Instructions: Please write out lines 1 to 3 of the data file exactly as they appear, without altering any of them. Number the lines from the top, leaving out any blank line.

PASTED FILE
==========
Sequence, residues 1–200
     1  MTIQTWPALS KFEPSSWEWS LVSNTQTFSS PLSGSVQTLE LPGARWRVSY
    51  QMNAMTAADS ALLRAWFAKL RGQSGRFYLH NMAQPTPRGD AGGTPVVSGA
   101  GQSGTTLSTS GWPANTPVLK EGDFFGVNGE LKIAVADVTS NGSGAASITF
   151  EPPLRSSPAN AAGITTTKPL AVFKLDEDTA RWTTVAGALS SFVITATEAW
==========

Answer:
Sequence, residues 1–200
     1  MTIQTWPALS KFEPSSWEWS LVSNTQTFSS PLSGSVQTLE LPGARWRVSY
    51  QMNAMTAADS ALLRAWFAKL RGQSGRFYLH NMAQPTPRGD AGGTPVVSGA